Posts Tagged ‘linkedin’

Feb 12

Allaedin Ezzedin Top 5 Percent LinkedInOkay.  I have to say if I were wearing my ego (bragging) hat, and if no one in our office had a higher number of LinkedIn profile views than mine (ahem… Feras Alhlou), I might be more excited about the latest brilliant LinkedIn marketing email blast. Recently, they sent a blast about their 200 million members milestone.

While I appreciate the fact that my LinkedIn friends made the effort to update me about the state of their network in 2012, the message I got today about my profile, Allaedin Ezzedin, being “one of the top 5% most viewed LinkedIn profiles for 2012” is more misleading than informing.

Here’s why.

As an analyst…

As an analyst scrutinizing the data, the first question that came to my mind was, “I wonder how many of these profile viewers were…

  • …random profile stalkers?”
  • …job recruiters?”
  • …peers from the Analytics community (that is you if you are reading my post now)?”
  • …prospects who are considering hiring my firm; E-Nor?”
  • …existing clients?”
  • …blog readers?”
  • …Jasmines searching for Aladdin?” :)

target audience is worth more than profile viewers

The number LinkedIn provided doesn’t explain any of this!  In the analytics world, we call this metric “page views”, which we give an extremely low value in understanding user behavior and engagement. It doesn’t tell you “who” is viewing your page or “why” they are viewing it, which is the real actionable insight you need.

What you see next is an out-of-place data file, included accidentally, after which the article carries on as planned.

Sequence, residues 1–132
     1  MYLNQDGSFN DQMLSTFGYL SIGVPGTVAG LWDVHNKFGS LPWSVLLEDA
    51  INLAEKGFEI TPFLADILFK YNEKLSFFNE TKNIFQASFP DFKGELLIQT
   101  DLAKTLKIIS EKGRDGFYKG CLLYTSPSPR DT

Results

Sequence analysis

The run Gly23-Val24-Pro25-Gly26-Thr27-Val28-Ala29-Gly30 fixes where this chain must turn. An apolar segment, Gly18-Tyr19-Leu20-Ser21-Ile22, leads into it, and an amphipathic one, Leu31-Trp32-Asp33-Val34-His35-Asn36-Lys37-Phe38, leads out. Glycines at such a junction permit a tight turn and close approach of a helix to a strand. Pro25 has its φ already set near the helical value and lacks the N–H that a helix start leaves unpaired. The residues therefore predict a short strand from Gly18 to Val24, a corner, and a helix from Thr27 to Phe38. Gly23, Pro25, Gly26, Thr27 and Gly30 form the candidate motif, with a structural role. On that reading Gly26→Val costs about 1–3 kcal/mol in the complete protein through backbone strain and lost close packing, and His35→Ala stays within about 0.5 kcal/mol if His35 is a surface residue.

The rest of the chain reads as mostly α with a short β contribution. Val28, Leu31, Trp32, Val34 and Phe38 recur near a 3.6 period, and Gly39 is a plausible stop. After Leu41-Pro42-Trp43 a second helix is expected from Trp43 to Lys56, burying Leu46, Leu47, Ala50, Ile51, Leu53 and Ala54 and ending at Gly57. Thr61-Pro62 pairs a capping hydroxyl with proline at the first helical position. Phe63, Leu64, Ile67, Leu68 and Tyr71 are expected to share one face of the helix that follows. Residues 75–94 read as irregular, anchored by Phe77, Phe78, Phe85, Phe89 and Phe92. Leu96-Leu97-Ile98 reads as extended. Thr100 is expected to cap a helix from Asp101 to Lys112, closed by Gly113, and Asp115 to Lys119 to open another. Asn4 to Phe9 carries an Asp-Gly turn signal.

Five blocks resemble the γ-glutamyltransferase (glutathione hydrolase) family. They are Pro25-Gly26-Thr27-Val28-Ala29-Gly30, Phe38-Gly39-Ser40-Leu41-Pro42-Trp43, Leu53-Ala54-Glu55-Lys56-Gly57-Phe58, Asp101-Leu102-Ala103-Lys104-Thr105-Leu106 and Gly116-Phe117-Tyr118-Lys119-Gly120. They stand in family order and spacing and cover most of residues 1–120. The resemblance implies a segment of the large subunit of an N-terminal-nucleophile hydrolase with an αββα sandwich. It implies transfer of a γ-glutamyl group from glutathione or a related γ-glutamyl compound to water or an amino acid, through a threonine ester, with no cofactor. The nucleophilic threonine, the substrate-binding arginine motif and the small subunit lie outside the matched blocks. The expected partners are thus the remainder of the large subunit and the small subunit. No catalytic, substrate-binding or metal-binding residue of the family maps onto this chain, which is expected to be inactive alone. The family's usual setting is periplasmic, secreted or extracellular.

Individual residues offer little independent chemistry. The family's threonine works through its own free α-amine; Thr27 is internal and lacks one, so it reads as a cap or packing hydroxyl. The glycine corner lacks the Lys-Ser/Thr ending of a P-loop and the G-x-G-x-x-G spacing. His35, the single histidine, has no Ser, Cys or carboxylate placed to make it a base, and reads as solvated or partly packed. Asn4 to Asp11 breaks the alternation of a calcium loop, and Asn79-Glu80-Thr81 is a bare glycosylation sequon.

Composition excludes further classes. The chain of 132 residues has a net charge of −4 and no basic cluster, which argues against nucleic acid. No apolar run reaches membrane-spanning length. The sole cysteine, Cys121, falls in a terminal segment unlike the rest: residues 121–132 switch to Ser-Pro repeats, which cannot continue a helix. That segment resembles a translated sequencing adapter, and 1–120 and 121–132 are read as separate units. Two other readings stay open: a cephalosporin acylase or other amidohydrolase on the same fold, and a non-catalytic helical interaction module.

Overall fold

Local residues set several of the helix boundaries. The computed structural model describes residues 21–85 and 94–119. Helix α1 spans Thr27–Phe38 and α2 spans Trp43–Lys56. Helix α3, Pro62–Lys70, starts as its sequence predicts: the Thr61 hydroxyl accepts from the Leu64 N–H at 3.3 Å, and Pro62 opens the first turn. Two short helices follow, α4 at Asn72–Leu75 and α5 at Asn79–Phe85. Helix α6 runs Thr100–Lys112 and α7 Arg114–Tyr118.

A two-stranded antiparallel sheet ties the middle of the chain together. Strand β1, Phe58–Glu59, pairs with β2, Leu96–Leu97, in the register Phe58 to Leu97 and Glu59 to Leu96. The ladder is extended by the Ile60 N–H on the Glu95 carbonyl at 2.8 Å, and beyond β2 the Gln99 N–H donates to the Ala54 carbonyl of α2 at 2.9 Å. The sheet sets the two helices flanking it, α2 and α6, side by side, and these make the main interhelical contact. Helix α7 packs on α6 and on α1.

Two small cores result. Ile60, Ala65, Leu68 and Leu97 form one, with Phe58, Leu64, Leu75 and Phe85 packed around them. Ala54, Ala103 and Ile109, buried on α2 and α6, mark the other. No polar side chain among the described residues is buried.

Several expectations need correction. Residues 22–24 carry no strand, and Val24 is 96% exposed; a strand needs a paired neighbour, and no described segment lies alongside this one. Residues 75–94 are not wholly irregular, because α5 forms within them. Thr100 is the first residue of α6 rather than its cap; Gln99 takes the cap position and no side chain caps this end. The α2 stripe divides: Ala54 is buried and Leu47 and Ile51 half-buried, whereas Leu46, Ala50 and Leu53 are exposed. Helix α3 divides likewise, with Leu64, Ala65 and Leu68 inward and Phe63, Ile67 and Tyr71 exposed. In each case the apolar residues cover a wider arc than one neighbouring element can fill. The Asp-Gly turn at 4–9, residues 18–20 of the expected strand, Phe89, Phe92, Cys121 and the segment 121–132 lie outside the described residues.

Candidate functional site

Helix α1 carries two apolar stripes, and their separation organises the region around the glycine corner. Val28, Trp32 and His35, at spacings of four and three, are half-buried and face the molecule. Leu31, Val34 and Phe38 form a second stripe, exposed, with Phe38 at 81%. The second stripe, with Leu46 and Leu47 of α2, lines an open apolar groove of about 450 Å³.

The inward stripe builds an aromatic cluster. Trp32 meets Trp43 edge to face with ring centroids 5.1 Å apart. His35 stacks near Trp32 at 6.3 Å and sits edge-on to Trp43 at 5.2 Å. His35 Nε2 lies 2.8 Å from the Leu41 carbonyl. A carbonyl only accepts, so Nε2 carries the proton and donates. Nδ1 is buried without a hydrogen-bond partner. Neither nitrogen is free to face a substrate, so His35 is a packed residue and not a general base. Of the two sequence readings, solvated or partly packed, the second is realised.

Segmentation is always essential. Each one of us has different social networking goals, objectives, and interests. Someone using social media for branding has a different target audience than someone who is searching for a job or someone who is using social media to advocate their ideologies or methodologies.

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As a marketer…

Now, as a marketer, my first reaction to the email campaign was, “Wow, no one is viewing profiles on LinkedIn!” If my profile, which is getting an average of X views per month, made it to the top 5%, then how many views are the bottom 95% profiles getting? Also, if most LinkedIn users are not socially active, then what is real value of LinkedIn as a marketing tool? What does 200 Million users mean to me? How will the new numbers impact my social marketing strategy? Shall I continue to invest on my paid campaigns in LinkedIn? Are my potential prospects on LinkedIn? Are they active? How can I increase engagement with my personal or corporate profiles? What metrics should I track in LinkedIn?